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Ads' bias against jobless raises concerns

It seems crazy to run a help wanted ad that requires applicants to already be employed somewhere else if they want to stand any chance of getting the job, but this kind of "discrimination" against unemployed people occurs and has sparked outrage around the country.

More than 88,000 people have signed an online petition calling on websites such as Monster.com to ban job postings that make it clear the unemployed need not apply.

Petition organizer Kelly Wiedemer, 45, a former Denver business analyst, was told by a recruiter that she wouldn't be considered for a job because she'd been unemployed so long -- now three years.

"Without saying it, they said my education, my experience didn't mean anything because of my long unemployment," Wiedemer said. "My life as I knew it is over. To be denied an opportunity to rebuild the American Dream is a double whammy."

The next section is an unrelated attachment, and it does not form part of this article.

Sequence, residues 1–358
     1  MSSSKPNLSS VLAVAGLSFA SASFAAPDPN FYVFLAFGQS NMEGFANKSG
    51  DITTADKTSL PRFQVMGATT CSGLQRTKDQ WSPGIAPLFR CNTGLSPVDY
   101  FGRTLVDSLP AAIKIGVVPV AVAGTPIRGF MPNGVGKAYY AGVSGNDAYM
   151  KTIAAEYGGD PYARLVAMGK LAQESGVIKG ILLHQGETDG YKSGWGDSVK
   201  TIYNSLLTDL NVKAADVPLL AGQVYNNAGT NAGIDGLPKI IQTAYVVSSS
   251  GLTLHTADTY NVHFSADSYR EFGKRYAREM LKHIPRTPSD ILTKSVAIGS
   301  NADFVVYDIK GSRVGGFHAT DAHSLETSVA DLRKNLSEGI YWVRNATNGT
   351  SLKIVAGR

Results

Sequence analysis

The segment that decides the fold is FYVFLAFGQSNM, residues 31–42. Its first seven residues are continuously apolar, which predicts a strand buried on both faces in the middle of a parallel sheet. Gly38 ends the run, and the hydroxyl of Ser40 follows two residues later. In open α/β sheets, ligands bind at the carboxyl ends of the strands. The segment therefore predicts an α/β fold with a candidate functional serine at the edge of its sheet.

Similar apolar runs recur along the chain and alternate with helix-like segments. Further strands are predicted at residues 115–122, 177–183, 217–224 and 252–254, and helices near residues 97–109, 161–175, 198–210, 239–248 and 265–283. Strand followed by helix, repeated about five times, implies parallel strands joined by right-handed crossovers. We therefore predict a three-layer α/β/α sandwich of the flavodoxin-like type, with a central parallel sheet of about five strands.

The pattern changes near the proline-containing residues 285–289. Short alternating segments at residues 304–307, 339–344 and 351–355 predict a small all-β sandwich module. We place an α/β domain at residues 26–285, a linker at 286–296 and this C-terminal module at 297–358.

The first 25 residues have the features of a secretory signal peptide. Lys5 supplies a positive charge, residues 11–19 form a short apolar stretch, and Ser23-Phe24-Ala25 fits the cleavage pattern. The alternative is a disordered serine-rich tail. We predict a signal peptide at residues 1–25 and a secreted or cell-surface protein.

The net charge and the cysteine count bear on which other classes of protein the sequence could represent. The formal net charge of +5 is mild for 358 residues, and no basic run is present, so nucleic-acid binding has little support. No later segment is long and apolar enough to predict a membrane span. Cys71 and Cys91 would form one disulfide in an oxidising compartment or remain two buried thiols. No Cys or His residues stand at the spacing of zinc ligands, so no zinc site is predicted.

"They're a big, successful company making a lot of money," said Lew Finfer of the Massachusetts Community Action Network. "They could set a standard. They don't need to countenance that kind of discrimination. It's shameful to let a thing like that continue. We'd like to see them step up and ban it," he said.

The Massachusetts Commission Against Discrimination is looking into the job listings, said Chairman Julian Tynes. And while it's not illegal -- employment status is not a protected class, Tynes said the ads raise concerns.

"Minority populations have a lower employment rate," Tynes said. "When an employer does that, in effect they are shrinking the pool of viable minority candidates even more."

Matthew Henson, Monster's vice president of public relations, said the firm opposes job discrimination in any form, but he added that only a very small percentage of postings are for positions where the unemployed need not apply.

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